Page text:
Ballet Chicago’s new season of “Balanchine and Beyond” brought an old favorite, a genre-changing Balanchine classic, and two exciting new works to Chicago’s Harris Theater for two performances last Saturday, May 13.
As a “studio company,” Ballet Chicago is technically a semi-professional operation, but there is nothing “semi” about the polished matinee performance of artistic director Daniel Duell’s revised Hansel and Gretel (1993), resident choreographer Ted Seymour’s two world premieres, 4 Hands for 18 Feet, and Tone Poem, and George Balanchine’s masterpiece, Concerto Barocco (1941).
It’s interesting to note that Ballet Chicago’s roster features pre- and semi-professional dancers of the same ages as Balanchine’s original cast for this genre-bending ballet, including a 14-year-old Tanaquil LeCleq and 17-year-old Diana Adams, both of whom went on to become principal dancers in Balanchine’s New York City Ballet, founded with Lincoln Kirstein in 1948. Guest artists with bona fide professional credits contribute to distinguishing Ballet Chicago as a unique artistic enterprise.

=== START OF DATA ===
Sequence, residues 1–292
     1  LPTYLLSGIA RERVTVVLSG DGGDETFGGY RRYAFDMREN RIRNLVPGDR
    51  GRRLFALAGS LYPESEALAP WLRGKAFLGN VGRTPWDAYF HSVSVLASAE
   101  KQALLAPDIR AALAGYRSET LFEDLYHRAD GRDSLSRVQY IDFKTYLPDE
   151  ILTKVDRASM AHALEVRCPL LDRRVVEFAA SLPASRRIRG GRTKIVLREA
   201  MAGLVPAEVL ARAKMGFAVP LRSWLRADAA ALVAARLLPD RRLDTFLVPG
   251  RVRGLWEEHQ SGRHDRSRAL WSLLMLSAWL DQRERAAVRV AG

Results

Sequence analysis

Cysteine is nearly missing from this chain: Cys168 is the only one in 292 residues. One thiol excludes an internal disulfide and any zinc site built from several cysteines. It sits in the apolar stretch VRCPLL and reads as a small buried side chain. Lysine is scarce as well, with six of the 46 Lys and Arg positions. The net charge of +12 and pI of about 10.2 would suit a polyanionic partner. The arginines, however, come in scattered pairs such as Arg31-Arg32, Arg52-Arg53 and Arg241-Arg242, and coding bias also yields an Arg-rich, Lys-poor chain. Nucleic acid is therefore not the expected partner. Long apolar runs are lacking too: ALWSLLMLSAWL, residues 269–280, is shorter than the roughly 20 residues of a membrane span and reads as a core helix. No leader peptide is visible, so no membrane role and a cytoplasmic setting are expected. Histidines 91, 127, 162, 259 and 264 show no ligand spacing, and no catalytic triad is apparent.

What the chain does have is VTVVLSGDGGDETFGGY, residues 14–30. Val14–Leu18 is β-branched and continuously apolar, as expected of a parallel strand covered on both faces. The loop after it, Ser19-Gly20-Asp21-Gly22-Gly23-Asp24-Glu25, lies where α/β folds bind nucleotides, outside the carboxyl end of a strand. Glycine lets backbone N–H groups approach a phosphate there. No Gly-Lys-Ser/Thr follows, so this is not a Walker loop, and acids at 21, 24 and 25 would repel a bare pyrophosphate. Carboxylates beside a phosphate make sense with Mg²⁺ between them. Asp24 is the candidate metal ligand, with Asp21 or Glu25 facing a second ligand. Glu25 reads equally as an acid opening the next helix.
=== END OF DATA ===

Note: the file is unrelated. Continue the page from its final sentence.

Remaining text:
But first, let’s revisit Duell’s Hansel and Gretel. Set to Kimberly Schmidt’s lush orchestral arrangement of Humperdink’s original 1893 opera score, Duell’s gentle storytelling softens the grimness of the original Brothers Grimm fairytale, portraying the parents as struggling to put food on the table in a time of famine and poverty across Europe. They have enlisted their children, Hansel and Gretel, impeccably danced by Tyler Bianchi and Emma Wittig, to make brooms to sell in the village marketplace. The children, playful as kids are known to be, are soon distracted and delight in dancing together. Their parents catch them having too much fun and drive them off with harsh scolding, from which the children flee to the forest and promptly get lost.